Buckle down, this is going to be a long post (maybe multiple parts, even). I love morality systems in games. I think the first one I ever experienced was in Star Wars: Knights of the Old Republic. What a great game that was. If anyone is unfamiliar with the game play element I'm talking about, a morality system in a game is put in place to give you the option to choose what your character will do in most situations, usually a "good" choice and an "evil" choice, which will then (ideally) effect some aspect of the game down the line. Whether that means certain characters will ally with you or certain abilities will become stronger depends on the game, though in a good one, it will be both. This kind of game design, if implemented properly into an MMO, could be great (or, conversely, awful).
Before I get into how this could be implemented, I would like to discuss a few of the pitfalls that I have noticed in this game mechanic as seen in the games I've played. The major sticking point is that once you start down the "good" or "evil" path, you almost feel obligated to continue making that same type of decision because the greatest rewards from the game come from being the most good or evil. Yahtzee Croshaw put it best in his review of the first Fable game (which I played when it was released, enjoyed, but ultimately found a little too shallow and lacking in real choice) when he said the player is forced into mawkish virtue or extravagant malevolence (that guy has a way with words, to be sure) and really, that's the crux of it. Instead of making whatever choice you feel like making (or, if you're truly immersed in the game, the choice you think you would make), you choose the good or evil option since that's the way you've gone so far.
Now, in Knights of the Old Republic, this is presented as making yourself align more with whatever side of the Force you wanted to go with, so that makes some sense in that context, I suppose. But take Jade Empire: here is a game with an extremely similar structure to KOTOR but set in Asia (I think China, but I can't remember and I don't often bother to fact check). In this version, the two sides are presented as the "Way of the Open Palm" meaning you are helpful and giving to others and the "Way of the Closed Fist" which, as it is described in the game, means that you are in business for yourself, so a self-centered opportunist to paraphrase their verbiage. Unfortunately, while the Open Palm seems accurately represented, the Closed Fist options often have you going out of your way to be a douche. In my experience, it's actually much more trouble to kill a peasant and burn down his village than it is to simply ignore his pleas for help because you have better things to do.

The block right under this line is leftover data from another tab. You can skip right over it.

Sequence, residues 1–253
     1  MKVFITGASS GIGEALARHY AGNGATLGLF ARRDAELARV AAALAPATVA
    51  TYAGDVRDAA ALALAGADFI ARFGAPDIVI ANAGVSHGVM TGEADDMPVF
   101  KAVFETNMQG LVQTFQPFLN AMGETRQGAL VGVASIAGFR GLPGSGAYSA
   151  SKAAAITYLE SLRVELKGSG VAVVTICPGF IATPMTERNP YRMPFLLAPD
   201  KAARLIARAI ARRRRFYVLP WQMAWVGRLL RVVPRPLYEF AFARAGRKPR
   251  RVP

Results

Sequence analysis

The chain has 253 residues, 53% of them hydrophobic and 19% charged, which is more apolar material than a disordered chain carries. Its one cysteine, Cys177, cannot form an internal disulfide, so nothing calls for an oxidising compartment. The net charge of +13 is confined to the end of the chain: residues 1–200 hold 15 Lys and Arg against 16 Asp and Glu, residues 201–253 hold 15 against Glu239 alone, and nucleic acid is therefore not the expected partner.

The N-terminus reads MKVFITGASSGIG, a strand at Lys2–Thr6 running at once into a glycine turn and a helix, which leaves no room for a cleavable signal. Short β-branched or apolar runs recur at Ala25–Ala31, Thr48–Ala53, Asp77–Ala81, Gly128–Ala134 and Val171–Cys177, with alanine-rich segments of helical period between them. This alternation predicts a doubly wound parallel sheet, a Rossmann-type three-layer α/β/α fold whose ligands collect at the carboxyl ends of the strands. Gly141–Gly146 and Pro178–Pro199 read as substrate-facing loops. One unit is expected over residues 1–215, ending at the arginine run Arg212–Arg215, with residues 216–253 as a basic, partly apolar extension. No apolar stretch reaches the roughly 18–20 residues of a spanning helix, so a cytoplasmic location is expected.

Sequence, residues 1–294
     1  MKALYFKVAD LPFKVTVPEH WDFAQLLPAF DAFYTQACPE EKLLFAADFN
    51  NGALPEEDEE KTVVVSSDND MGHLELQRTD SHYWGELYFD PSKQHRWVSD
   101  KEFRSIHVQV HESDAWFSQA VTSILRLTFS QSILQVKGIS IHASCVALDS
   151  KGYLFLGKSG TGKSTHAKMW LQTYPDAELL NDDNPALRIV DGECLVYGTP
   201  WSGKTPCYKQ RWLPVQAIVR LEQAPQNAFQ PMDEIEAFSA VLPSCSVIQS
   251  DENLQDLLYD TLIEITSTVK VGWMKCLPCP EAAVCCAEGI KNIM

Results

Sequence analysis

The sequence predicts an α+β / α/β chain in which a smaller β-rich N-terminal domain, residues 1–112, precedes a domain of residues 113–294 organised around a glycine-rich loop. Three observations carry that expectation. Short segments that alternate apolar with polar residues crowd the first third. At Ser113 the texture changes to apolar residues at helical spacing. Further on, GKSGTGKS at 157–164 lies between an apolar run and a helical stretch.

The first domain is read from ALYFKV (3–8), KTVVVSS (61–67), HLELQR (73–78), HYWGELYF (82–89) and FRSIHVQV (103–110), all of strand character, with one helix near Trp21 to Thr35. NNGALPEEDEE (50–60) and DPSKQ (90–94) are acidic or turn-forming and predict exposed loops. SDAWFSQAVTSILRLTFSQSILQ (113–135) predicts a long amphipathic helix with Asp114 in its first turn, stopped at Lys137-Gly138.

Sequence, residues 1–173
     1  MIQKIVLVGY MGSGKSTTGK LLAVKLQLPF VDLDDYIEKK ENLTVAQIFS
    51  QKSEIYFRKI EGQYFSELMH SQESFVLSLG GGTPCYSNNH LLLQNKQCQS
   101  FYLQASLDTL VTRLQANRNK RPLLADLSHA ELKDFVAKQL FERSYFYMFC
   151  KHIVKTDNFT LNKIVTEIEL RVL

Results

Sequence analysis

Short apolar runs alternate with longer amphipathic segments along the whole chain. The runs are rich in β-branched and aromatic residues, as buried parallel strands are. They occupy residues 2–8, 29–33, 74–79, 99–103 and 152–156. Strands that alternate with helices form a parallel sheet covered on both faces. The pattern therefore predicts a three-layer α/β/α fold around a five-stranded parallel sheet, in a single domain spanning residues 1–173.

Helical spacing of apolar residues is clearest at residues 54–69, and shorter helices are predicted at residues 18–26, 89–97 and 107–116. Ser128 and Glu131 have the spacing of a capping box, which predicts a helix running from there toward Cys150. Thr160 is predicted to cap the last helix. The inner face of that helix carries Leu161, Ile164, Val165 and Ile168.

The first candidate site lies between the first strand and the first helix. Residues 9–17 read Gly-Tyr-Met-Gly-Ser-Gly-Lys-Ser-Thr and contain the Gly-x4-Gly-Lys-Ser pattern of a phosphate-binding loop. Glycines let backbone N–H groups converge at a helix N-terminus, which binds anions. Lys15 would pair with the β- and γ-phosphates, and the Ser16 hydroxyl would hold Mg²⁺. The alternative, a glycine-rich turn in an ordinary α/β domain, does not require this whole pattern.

If it were up to me, I would have added a third option, the "Way of the Middle Finger" where you get stronger for being an unabashed jerk and leave the Closed Fist options to be that of true self interest. For example, a peasant would like help because a demon is threatening to kill him and his family. You have a few options: 1. you can help him and kill the demon, hoping there will be some nice loot from the demon's cave; 2. you can offer to help him only if he can pay you; 3. You can ignore his request and loot the demon's cave while he's murdering the peasant family or; 4. you can kill the man and his family, then kill the demon and leave all their heads on stakes in front of the peasant's house you burned down (after taking all his money) as a warning to others who might seek your help.
As you can see, there are 4 options there, each with a different result and each at different points on the moral compass. The good is obviously good, the bad is obviously bad, but in the middle are a light grey and a dark grey. Sure you help him, but you expect money in return. Sure, you didn't kill the peasants, but you let it happen when you could have stopped it. This kind of choice, to me, would be much more interesting and varied. If this could be done on a grand scale throughout the entire game, we may be onto something.
This is getting long, so stay tuned to Part 2 where I will discuss how this could effect character development and then Part 3 where I explain how this could be worked into an MMO setting.